Platform Business, Do You Really Get It?

Jenks Guo
5 min readMay 17, 2021


Three most important components of a platform business is 1.Focus on transactions 2.Be open 3.Have governance.

Photo by Claudio Schwarz on unsplash

Back in 2004, if I asked you about GE, Exxon, Shell, Citi & Walmart. Do you know who they are and what they do? What do they have in common? They were once the top public companies by market cap. They are big because they control some of the most vital resources and services we rely on so much, like electricity, oil, gas, finance and retail.

Top companies by market cap in 2004, thanks to Visual Capitalist

Now, fast forward to today, think about a different set of companies: Apple, Alphabet (google), Microsoft, Amazon & Facebook. You know them by heart right? The current biggest ones are not in any of the vital businesses at all, they are platform business. This type of business is able to win the market without making many tangible products or own vital resources. If you think about it, it is actually mind boggling.

Top companies by market cap in 2019, thanks to Visual Capitalist

The rise of the platform businesses era is not coming. It’s here already… and for a few years now.

In this article I will talk about what it takes to be a platform business, and explain what it really means to be a platform business. So you can set your business strategy or platform strategy up for success.

Forget about products, focus on the interactions

Traditional businesses focus on selling specific products and services. Then it optimizes the value chain and gains tight control over the value pipeline and process. Think of energy companies like Exxon & BP, they control natural resources: coal, oil and gas. Creating barriers of entry for competitors. They take the leader positions by owning resources or the access to resources. So traditional businesses are running a supply economy at scale.

Platform businesses differ. They don’t focus on products or services. But they facilitate the exchanges between consumers and producers and encourage interactions to happen on their platform. Instead of blocking participation, they are breaking barriers of entries for participants. Taking AirBnB for example, they don’t own any real estates but they facilitate transactions between renters and landlords. The fees are charged on transactions rather than on something they produced. As a result, they want more people in the ecosystem generating demands for services which in turn attracts more supplies. So platforms are running demand economies at scale.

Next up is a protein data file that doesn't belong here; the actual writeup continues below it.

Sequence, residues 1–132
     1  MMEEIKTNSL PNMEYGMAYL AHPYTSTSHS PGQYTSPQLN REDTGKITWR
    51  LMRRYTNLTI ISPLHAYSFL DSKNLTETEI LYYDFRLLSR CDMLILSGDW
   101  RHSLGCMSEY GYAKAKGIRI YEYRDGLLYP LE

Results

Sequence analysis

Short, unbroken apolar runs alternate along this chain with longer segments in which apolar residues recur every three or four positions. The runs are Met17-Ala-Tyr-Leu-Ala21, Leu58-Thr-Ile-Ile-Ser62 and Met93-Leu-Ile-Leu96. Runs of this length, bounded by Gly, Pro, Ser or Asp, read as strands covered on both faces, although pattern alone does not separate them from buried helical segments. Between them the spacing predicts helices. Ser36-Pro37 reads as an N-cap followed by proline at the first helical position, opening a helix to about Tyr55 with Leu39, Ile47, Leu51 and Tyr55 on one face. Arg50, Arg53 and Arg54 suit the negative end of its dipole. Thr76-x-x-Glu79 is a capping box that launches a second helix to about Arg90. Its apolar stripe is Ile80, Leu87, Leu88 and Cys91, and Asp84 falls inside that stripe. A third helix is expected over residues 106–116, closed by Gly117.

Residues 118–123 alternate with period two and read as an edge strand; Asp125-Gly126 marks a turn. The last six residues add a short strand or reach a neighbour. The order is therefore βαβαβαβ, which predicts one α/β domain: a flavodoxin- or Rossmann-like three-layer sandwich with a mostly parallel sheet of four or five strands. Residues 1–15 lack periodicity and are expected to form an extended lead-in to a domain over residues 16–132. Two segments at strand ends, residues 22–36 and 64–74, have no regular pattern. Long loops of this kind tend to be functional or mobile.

The biggest fear for platforms is lack of transactions and participation. Because this is how they fundamentally realize their value.

Photo by Erick Mclean on unsplash

Be open, invite partners to co-create value

Platform must have a “default to open” position to encourage participation. The idea is not to do it all and do it yourselves, but to empower third parties to join the business, to build and to innovate together in standardized ways.

While traditional business tries to shut off competitors and discourage new business to join. The platform businesses welcomes partners with open arms. This is because for a platform business to succeed, they need to achieve critical mass in the economy and network effect. Platform business wants everything to be done within a standard, the one they make. So they are in a “winner takes it all” competing pattern in their region and in their particular space.

For example, When you download an app, what comes to your mind first? Apple app store or Android play store? They are effectively the standards of software distribution for mobile devices these days. Both Apple iOS and Android have an amazing set of free APIs and SDKs for any company or sole developers to build solutions and sell. So it is incredibly easy for anyone to participate.

Can you imagine how many people Apple and Google have to hire to produce 5 million apps?

How Platform Businesses Differ

Govern the participation

So it is like a marketplace, you ask? Not quite. Encouraging transactions is what marketplace does, but marketplace compared to platforms has a lack of governance. Most of the actors are allowed to act even if they are a bit naughty. But not in a platform ecosystem.

A platform must have power to exclude bad actors, steer community behavior and, most importantly, being able to monetize. Rules are essential to encourage healthy interactions and discourage unhealthy interactions. Someone must design these rules and have enough power to enforce them.

A lot of people believe big platforms must give as much freedom as possible. But as we learn how powerful the platforms are, especially on poorer countries and younger people, we start to realize how important governance is.

Can you imagine if Facebook and twitter don’t moderate their content? We will have to put up with watching live terrorism day to day.

Photo by Jack Finnigan on unsplash


Now the takeaways. Let’s start with the definition:

“A platform is an open architecture, with rules of governance, designed to facilitate interactions.”

Focusing on interactions, open architecture and governance, each of the three component is important to the overall concept and cannot be omitted. The undeniable truth is that in the information age, the rules are different than in the industrial age. Platforms are winning over the vital industrial businesses every day. Think about how you can turn your business into a platform business. See how you can empower others to do it! Create value through transactions and interactions rather than doing it yourself.

I didn’t come up with the above ideas myself, if you want to go deep into the toic, please consider doing Platform Strategies for Business by Boston University Course via Edx (Kudos to Bryan Williams for getting me on the course). And for the bookworms out there, have a read of this awesome book called Platform Revolution.